Life After DeathAlan F. Segal (New York: Doubleday, 2004) 866 pp., $37.50 (hardcover)
A History of the Afterlife in Western Religion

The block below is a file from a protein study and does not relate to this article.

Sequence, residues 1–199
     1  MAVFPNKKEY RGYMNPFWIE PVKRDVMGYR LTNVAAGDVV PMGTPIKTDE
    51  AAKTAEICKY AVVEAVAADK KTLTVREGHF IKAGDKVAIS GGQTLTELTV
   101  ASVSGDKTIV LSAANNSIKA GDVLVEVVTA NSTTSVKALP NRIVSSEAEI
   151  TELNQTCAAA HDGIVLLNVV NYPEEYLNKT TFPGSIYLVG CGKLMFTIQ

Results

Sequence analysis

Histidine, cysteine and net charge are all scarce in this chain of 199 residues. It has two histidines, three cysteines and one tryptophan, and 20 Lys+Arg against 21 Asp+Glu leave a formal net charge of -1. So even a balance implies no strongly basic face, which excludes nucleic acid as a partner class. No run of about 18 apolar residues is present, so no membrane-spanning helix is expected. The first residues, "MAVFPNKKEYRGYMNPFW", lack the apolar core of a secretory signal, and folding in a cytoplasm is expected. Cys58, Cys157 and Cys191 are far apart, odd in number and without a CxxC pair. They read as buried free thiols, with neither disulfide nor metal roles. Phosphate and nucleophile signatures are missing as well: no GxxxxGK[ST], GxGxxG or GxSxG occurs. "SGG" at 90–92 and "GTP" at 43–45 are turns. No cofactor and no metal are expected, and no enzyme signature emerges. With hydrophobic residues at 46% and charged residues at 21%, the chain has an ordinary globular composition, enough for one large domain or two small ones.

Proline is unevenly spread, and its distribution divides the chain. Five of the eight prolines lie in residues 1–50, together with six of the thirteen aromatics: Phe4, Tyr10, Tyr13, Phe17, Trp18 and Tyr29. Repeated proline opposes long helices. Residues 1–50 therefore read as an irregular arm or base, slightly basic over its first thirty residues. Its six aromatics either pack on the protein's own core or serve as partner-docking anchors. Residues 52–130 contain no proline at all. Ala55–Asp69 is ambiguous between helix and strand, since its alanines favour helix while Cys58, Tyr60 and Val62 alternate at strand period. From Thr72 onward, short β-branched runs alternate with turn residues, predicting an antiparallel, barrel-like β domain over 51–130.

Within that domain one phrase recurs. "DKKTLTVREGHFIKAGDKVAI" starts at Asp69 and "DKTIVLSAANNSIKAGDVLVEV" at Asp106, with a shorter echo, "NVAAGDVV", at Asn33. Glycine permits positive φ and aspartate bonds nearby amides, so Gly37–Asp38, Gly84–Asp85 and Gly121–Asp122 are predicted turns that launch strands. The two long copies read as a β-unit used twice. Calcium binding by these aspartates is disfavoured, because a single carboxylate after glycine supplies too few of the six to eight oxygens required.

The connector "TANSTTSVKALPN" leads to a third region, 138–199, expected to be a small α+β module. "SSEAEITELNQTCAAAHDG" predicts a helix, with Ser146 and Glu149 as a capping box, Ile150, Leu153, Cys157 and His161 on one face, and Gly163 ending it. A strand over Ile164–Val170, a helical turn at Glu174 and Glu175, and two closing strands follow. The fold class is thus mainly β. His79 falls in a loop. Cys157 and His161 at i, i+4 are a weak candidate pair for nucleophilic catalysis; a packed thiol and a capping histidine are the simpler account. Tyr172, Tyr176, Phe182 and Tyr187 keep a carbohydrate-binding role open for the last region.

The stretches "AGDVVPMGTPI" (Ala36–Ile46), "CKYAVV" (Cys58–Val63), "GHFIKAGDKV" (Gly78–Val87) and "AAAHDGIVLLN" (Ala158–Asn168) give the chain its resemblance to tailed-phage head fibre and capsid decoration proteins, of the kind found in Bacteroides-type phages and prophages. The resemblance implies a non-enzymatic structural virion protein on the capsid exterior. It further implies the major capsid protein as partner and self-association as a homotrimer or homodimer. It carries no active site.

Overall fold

The grand narrative of universal human experience unfolds with an eye toward that mysterious veil through which we all must pass. Cultures that experience time as recurring describe the interplay between life and death as a kind of eclipse in which certain aspects of reality are temporarily hidden. For cultures that sense time as something forward-moving and linear, the veil looms ahead like the curtained entrance to a mysterious carnival ride. But for both, the degree to which the veil is viewed as heavy or opaque—and the place beyond as terrible or beautiful—arises at the level of society, as one community interacts with others, and generates for itself a unique vision of the afterlife that in turn reflects and reinforces its self-identity. It is this social process, and the myriad projections of the afterlife that it has produced, that Professor Alan F. Segal effectively captures in Life After Death: A History of the Afterlife in Western Religion.